Labour agrees to extend leadership bids deadline

LABOUR has caved in to complaints from candidates for the party leadership by allowing them an extra 13 days to gather nominations as MPs Diane Abbott and former health secretary Andy Burnham entered the fray.

The original May 27 deadline to secure the backing of the 33 MPs needed to get on the ballot paper has been moved back until June 9 after complaints, including vocal opposition from left-wing backbencher John McDonnell who had accused the party of acting undemocratically.

The MP, who chairs the Socialist Campaign Group, failed in an attempt to secure enough nominations in 2007 to mount a challenge to Gordon Brown's uncontested succession to the leadership.

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Former Health Secretary Mr Burnham became the fourth ex-Cabinet minister to declare he wanted to succeed Gordon Brown after brothers David and Ed Miliband and Ed Balls.

In an opening salvo, he promised an end to "stage-managed" politics run by "elites" and the creation of a "People's Party". "We must become a new kind of Party that involves and consults its members on a daily basis – truly a People's Party – and reduces the influence of small elites at the top," he insisted.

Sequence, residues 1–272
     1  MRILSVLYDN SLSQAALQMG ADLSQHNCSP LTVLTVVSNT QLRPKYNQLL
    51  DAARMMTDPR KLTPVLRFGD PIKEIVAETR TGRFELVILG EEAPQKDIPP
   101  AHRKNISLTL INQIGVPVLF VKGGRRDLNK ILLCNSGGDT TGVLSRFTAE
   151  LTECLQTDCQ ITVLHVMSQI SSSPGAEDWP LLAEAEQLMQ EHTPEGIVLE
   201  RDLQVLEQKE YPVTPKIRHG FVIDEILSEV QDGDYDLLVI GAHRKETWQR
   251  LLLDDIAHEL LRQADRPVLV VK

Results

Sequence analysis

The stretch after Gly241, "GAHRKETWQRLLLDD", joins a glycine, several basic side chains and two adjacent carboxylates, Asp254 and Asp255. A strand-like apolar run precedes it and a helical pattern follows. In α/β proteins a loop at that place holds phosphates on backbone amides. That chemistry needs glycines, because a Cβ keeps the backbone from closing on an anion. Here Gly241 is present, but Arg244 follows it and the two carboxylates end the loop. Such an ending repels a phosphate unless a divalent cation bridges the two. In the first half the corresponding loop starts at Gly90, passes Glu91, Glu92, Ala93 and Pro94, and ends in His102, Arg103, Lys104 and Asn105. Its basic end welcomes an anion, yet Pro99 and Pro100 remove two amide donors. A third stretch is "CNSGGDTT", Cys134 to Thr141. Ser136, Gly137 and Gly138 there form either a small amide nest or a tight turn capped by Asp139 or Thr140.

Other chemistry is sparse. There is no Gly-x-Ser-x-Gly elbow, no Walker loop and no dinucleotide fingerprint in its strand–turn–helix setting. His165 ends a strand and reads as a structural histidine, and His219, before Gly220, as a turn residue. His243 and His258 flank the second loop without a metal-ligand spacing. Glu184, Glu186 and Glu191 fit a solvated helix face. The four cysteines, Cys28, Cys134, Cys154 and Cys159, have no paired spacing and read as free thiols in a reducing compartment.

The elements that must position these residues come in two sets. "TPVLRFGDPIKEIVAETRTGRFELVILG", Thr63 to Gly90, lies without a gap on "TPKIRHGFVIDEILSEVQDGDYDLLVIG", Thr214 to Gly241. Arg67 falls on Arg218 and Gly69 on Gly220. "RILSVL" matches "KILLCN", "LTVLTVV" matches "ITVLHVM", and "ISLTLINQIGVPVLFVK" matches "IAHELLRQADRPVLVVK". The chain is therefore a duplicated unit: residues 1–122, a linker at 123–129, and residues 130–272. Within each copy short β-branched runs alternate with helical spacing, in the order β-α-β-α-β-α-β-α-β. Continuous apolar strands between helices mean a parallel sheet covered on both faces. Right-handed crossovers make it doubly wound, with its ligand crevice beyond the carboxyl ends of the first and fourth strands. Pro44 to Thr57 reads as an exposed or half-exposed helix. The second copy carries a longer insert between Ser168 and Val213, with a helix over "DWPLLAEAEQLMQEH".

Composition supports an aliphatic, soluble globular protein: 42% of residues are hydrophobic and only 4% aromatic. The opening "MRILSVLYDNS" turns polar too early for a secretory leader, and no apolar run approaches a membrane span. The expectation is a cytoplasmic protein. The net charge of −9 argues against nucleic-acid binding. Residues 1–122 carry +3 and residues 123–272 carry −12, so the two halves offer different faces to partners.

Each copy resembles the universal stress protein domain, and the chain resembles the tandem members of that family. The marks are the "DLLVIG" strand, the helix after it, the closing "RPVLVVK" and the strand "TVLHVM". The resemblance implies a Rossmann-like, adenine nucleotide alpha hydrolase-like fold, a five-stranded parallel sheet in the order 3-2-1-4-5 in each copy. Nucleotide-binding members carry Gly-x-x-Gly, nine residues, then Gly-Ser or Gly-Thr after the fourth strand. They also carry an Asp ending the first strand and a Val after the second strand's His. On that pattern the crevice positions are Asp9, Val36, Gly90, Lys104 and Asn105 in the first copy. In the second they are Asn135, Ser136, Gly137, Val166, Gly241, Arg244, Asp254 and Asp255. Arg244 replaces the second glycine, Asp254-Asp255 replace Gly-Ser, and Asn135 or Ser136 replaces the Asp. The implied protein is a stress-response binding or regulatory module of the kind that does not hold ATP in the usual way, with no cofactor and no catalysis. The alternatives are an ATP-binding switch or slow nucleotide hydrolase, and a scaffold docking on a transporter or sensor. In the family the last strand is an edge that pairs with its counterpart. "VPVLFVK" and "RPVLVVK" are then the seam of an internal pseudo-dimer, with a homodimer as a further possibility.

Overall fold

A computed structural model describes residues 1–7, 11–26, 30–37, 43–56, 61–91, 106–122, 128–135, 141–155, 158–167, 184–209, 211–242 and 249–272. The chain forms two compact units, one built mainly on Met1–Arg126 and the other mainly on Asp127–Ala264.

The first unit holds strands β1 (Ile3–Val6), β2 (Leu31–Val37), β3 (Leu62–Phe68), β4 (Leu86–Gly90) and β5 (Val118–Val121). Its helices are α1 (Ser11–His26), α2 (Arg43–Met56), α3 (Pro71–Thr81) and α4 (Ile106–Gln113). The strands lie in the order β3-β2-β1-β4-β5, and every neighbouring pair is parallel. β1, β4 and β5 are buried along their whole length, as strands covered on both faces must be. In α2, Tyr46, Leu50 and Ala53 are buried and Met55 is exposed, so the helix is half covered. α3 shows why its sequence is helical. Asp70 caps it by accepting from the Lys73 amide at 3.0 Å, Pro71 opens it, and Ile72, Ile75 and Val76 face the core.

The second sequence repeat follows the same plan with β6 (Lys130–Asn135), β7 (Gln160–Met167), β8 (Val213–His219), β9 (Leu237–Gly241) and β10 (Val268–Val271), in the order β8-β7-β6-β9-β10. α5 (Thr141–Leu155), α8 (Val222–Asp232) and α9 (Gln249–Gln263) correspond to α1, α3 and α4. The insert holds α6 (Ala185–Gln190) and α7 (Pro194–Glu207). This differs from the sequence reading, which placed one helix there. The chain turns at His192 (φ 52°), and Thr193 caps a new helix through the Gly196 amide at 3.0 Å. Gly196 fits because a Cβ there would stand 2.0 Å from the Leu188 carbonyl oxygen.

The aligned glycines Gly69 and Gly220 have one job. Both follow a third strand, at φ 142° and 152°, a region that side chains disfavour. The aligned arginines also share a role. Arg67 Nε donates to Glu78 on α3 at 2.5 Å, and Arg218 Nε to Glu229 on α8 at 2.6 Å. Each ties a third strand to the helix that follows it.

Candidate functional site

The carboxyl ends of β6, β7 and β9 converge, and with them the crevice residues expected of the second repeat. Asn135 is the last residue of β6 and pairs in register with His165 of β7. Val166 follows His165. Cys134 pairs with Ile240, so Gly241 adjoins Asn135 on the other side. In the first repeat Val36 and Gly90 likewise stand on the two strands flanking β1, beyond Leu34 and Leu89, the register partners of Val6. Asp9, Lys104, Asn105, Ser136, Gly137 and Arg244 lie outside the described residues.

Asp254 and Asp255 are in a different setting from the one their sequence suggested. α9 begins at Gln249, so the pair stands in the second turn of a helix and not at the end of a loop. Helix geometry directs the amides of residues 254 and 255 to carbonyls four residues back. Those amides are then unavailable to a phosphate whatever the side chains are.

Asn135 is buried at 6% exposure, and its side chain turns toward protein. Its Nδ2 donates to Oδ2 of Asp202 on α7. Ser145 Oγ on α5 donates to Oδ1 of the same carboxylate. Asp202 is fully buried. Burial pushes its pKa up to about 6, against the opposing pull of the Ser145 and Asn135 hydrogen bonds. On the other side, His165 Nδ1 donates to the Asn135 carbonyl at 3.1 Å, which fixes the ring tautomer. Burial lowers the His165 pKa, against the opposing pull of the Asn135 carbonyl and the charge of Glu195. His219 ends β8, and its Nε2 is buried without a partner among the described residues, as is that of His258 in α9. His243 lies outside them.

And at a formal leadership bid event at the People's History Museum in Manchester, he declared: "The party is my life, Labour is my passion.

"It's a big step but one I'm ready to take. I have served the party for 25 years at every level, as a member, nine years as a Member of Parliament for the area I grew up in and five years as a Government Minister in some of the most demanding jobs in the Government."

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In a surprise move, Ms Abbott became the first female runner and said she was confident of attracting the required support.

The Hackney North and Stoke Newington MP, who became the first black woman MP in 1987, said: "The Labour movement has changed, the majority of members of our big industrial unions are women, we need to talk directly towards women and women workers.

"And we need to accept, in a way that past ministers cannot accept, what we did wrong in the past 13 years."